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Religion and the Rise of Capitalism

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ClassGraphic In this study group, we will discuss the fascinating relationship between Protestantism and Capitalism which has largely been defined by American culture as we know it. In Religion and the Rise of Capitalism (Vintage Books, 2021) Benjamin Friedman, Professor of Economics at Harvard University, argues that the Dutch theologian Jacobus Arminius (1560-1609) might be the most important person you have never heard of. Adam Smith published The Wealth of Nations in 1776, but there is no way a scientific study of the centrality of markets could have emerged under the prescripts of John Calvin’s deterministic, and highly pessimistic, view of human nature. Arminius rejected orthodox views of predestination and instead focused on the power of human agency to improve human conditions. We will explore how this helped to set the foundation for modern economic thought and the study of Economics. Friedman traces the development of these ideas throughout the history of the West and using his work as our guide, we will examine how the ideas of virtue and morality are deeply intermingled with wealth, poverty, and commerce. Arminius, unknowingly, helped to foreshadow a world in which the market and other secular institutions would supersede the belief of God as the primary mechanism to improve human prospects. If you find this argument interesting, this is your study group.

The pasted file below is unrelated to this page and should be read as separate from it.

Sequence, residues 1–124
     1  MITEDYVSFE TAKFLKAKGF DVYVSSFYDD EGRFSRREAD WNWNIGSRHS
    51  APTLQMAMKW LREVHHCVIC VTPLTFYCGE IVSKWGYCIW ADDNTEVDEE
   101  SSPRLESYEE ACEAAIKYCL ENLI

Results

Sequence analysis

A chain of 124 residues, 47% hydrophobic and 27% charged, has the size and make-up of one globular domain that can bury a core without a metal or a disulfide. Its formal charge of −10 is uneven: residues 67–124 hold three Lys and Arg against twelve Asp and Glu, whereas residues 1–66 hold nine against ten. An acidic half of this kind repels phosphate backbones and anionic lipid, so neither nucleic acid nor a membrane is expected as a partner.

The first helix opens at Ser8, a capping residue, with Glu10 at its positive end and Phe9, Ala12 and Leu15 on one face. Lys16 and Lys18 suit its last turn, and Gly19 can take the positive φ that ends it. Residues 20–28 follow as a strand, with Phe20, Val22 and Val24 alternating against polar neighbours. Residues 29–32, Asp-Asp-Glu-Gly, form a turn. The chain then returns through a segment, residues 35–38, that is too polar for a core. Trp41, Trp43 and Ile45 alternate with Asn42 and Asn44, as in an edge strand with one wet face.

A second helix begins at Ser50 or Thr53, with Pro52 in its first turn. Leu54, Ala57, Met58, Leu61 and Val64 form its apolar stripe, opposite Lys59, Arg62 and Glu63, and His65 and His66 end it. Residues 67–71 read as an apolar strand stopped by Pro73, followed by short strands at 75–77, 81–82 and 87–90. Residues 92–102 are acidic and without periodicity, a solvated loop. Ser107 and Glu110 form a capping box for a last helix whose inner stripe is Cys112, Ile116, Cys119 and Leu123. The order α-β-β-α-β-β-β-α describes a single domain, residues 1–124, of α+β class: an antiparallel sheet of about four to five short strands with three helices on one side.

Class Details

14 Session(s)
Weekly - Tue

500 Davis Center

MultipleInstructor :
1.Calvin Mouw2.Sergio de los Reyes3.Gordon Mallett 



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Schedule Information

Date(s) Class Days Times Location Instructor(s)
3/7/2023 - 6/6/2023 Weekly - Tue 09:45 AM - 11:45 AM Evanston, 500 Davis Center  Map Gordon Mallett  ; Sergio de los Reyes  ; Calvin Mouw 
/*NOV 14 2020*/